Directed by: Michael Moore
Released: December 26, 2002
Grade: A

Most gun-related deaths?   The United States “blows away” the competition.  Bowling For Columbine is a documentary made by American Michael Moore in the wake of the Columbine High School massacre.  It provides the facts on gun laws and gun control in the States and explores what people think is the real reason for their obsession with guns.

Never before have I seen a film made by Americans that pays out Americans to such a large extent.  It is very confronting and not surprisingly, has created its fair share of controversy.  If anything, this is attracting patrons.  The film has made $20m at home and been honoured abroad with a special prize at the Cannes Film Festival.

Let’s just look at what Michael Moore gets up to in Bowling For Columbine.  He visits a bank in Northern Michigan where if you open a new account, you get a free gun.  It seems they are both a bank and a licenced gun dealer.  All you have to do is put $1,000 in a long-term deposit and they’ll give you a huge catalogue to choose your weapon of choice.

He interviews people in a town called Virgin.  Here, it’s law that every resident must own a gun.  One interviewee says “I think it’s a great place to raise your children” and actually means it.

Moore visits the home of James Nichols, the brother of convicted Oklahoma City bomber Terry Nicholas, to talk about his enjoyment of firearms.  He even shows Moore the gun he keeps under his pillow and at one stage, points the loaded gun directly at Moore’s head.

There’s a swag of interviews with notable celebrities including singer Marilyn Manson, the creator of South Park Trey Parker and in the film’s final scene, the head of the National Rifle Association, Charlton Heston.  Moore also interviews regular people off the street.  He’s looking to show both sides of the coin and does a pretty good job.

Criticism has been drawn to the film because of its one-sidedness and loose statistical data.  I’ll acknowledge that I too was curious where some of his factual data came from.  I’m not saying its wrong, but he throws numbers out there and not even the film’s website shows where he’s gotten them.  I don’t think it should detract from the film because the heart is still there.  No matter what you say, American’s are a bunch of gun nuts and finally someone is telling them this to their face through this film.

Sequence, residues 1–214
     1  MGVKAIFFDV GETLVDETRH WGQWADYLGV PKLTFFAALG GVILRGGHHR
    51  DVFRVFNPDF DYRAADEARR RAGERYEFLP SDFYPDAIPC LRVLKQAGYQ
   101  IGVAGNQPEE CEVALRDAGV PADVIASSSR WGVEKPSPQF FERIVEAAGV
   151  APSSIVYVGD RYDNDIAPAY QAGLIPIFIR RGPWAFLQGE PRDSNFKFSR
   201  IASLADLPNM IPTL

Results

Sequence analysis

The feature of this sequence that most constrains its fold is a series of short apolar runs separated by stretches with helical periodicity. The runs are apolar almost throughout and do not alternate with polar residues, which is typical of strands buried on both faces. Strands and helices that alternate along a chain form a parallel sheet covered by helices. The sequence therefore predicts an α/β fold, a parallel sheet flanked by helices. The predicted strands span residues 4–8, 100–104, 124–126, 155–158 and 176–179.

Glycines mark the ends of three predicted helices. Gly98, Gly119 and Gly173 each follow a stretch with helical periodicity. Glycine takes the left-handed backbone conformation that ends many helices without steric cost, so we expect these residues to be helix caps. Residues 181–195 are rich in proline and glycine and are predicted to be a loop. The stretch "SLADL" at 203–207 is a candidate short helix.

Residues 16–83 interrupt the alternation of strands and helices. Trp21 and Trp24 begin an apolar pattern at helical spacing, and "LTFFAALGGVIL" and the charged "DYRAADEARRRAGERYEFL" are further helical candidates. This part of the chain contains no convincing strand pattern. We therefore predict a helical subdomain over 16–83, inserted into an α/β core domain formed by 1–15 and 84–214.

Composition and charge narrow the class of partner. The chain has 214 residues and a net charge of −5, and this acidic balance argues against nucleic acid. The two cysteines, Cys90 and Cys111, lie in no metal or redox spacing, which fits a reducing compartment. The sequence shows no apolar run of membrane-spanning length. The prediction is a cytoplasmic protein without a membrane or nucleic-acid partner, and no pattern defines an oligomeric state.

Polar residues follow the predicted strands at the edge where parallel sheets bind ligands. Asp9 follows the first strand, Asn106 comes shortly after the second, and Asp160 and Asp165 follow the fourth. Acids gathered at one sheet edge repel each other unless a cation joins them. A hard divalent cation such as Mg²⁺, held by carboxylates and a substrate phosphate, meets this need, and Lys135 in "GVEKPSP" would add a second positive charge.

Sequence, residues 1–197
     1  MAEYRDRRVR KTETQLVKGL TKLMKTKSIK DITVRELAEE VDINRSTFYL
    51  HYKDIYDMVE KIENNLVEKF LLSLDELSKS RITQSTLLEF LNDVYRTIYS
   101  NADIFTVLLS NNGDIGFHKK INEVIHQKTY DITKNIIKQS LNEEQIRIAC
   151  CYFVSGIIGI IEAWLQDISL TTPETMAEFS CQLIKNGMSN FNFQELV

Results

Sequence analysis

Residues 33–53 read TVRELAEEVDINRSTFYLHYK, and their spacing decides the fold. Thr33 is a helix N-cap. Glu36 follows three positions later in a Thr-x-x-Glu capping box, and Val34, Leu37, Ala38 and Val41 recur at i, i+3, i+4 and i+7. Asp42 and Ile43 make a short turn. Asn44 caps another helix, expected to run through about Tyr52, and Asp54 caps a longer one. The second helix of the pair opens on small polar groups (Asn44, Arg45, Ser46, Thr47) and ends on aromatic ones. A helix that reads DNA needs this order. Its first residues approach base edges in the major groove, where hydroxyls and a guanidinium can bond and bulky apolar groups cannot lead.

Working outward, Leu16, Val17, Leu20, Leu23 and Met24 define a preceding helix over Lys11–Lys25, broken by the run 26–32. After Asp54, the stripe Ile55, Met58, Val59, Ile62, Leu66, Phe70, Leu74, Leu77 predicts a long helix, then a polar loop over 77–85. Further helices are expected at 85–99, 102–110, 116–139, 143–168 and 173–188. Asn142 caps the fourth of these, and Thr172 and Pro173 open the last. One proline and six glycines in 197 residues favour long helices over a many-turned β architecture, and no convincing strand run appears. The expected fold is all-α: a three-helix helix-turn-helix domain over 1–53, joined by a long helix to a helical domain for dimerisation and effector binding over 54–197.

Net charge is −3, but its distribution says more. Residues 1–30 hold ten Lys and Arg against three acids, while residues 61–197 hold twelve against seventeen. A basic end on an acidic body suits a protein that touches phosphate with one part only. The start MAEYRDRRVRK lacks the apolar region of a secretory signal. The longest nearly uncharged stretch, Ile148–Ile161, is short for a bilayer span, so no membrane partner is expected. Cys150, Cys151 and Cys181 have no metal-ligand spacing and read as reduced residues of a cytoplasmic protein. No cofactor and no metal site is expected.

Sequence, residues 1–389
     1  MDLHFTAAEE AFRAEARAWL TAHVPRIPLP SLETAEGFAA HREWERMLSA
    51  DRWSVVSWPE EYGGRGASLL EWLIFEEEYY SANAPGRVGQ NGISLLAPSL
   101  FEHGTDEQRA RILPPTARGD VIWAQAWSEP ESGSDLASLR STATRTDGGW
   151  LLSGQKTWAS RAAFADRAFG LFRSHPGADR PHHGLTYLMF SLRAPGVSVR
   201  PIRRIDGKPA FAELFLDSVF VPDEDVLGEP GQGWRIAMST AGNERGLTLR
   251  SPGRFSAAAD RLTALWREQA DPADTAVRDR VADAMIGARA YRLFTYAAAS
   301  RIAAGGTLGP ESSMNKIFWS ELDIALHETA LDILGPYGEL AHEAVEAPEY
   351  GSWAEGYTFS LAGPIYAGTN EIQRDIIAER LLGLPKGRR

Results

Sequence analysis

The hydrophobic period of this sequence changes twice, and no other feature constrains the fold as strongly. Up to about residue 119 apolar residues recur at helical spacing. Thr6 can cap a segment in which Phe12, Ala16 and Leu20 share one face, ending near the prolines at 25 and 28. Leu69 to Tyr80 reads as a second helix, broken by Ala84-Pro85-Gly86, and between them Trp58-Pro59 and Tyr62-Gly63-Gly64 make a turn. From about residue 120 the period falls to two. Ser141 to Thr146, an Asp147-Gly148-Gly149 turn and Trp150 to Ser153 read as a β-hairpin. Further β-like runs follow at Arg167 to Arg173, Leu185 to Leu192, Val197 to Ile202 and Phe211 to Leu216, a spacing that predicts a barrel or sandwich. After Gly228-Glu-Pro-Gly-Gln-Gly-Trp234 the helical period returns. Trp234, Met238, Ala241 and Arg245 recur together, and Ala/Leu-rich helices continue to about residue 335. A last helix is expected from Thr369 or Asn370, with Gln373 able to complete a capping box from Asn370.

So what does Moore think to be the greatest contributor to this obsession with guns?  Fear.  American’s live in a society where the media instills fear.  One the interviewees states that whilst gun related deaths fell 20%, exposure on the news rose 600%.  As they say, “if it bleeds, it leads”.  Moore interviews one of the producers of Cops and suggests he make a new series called Corporate Cops.  The producer thinks its a good idea but admits it wouldn’t work unless the corporate criminals took off their shirt and be willing to be chased by the police for television.  That says it all doesn’t it.

Moore’s point about the media reminds me so much about the recent paranoia created by the Washington sniper.  There are so many other aspects of the film that time hasn’t given me the opportunity to explain.  Whilst its hilariously funny at times, there is a strong seriousness that dominates pivotal scenes.  There is actual footage of the Columbine massacre and a sample of 911 calls.  There are interviews with people who have been victims of gun related crimes.

Documentaries don’t get much cinema time in multiplexes but thankfully, Bowling For Columbine is receiving valuable exposure.  In my eyes, it’s the most important film of the year and at all cost, cannot be missed.